of my most generous critics of that work-yet one of those who must be really pleased before he will praise-expressed a hope that I "might be induced to give a complete translation of Camoens' minor works," not even this flattering invitation would have moved me to as much as my present effort, had it not been that, while sojourning with you last winter at Cairo, you had engaged me to daily afternoon readings with you of your first sketches of Translations of all the CCCLII Sonnets as published by our friend, the Visconde de Juromenha; not only the whole of which, but also those of the Cañcoes, Sextinas, Odes, and Oitavas besides, it is your intention some day to give to the world.

Such a work as this, for more reasons than one, I never could attempt. I need not repeat to you what we have so often discussed in conversation, all my grounds for holding (so far, at all events, as my own art is concerned) that the great majority of these compositions, as well as of the sonnets, are entirely beyond the reach of rhythmic translation. This essential reason, however, I may mention that without the music of the particular language in which so many of them are writtenthe music being sometimes more cared for than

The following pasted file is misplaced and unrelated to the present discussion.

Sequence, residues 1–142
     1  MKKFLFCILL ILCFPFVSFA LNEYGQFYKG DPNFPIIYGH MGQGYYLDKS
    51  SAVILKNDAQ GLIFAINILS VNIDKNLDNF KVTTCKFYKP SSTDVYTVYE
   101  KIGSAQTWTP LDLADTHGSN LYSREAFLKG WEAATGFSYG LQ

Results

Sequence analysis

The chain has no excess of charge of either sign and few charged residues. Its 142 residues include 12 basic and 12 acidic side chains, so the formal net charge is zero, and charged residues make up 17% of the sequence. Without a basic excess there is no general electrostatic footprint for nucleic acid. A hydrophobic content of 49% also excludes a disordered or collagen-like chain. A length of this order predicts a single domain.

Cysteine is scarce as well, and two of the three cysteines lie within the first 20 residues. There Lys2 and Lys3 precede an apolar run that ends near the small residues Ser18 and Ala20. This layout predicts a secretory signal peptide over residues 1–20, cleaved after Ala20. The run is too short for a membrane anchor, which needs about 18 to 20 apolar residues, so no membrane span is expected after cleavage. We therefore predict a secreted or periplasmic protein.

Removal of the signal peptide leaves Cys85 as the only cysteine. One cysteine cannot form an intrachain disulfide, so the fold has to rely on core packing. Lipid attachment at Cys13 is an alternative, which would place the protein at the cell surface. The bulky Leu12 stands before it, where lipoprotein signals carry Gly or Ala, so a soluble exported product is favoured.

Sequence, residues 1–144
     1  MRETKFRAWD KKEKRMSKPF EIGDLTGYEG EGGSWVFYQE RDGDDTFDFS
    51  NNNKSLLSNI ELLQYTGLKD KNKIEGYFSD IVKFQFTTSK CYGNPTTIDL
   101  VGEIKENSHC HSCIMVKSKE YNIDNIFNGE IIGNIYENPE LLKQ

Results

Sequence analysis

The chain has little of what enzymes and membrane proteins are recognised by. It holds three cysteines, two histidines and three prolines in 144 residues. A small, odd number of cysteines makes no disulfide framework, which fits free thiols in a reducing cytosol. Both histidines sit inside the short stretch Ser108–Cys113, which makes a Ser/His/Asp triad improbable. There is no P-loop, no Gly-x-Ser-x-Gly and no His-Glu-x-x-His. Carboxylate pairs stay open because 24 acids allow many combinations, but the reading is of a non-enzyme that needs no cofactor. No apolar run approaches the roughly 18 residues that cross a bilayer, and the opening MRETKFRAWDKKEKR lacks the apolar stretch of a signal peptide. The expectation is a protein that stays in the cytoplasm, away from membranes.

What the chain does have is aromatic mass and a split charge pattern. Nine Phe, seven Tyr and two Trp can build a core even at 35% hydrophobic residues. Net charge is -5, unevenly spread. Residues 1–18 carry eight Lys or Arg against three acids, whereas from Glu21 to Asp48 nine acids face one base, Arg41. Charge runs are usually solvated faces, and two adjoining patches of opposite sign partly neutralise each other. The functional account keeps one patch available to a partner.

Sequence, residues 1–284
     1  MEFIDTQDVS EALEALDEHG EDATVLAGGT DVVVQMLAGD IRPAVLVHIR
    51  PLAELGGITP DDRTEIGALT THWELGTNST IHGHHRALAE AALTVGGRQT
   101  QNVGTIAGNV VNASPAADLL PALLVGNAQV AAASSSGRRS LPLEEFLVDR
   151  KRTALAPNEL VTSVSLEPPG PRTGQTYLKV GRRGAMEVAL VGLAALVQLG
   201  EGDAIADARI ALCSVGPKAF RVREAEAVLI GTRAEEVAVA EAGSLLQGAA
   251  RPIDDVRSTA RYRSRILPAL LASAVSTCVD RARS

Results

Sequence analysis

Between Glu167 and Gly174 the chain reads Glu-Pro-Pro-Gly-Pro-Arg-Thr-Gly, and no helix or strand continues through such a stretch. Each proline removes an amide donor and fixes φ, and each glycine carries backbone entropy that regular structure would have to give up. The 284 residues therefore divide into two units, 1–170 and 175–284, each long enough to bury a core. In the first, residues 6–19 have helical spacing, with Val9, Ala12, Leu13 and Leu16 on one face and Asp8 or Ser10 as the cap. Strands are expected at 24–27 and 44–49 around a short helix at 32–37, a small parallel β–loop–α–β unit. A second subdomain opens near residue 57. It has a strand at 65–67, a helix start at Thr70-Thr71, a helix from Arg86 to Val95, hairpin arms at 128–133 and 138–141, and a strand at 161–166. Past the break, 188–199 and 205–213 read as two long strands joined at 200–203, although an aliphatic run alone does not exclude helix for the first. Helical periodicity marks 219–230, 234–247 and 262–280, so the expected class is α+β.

the ideas it chants-I could not reproduce, to my own satisfaction, either the feeling of the poet, or a pleasant poem in English, or one that could be read by the side of the original. These objections neither you nor I have found to exist in translating the great Epic; some parts of which, and even in some few studied descriptions, we both know to be somewhat unmusical, but the whole of which, particularly when rendered in corresponding rhyme and metre, is fairly within the scope of our language. Nor have I found them to exist in regard to any of the seventy sonnets that I have now selected and translated.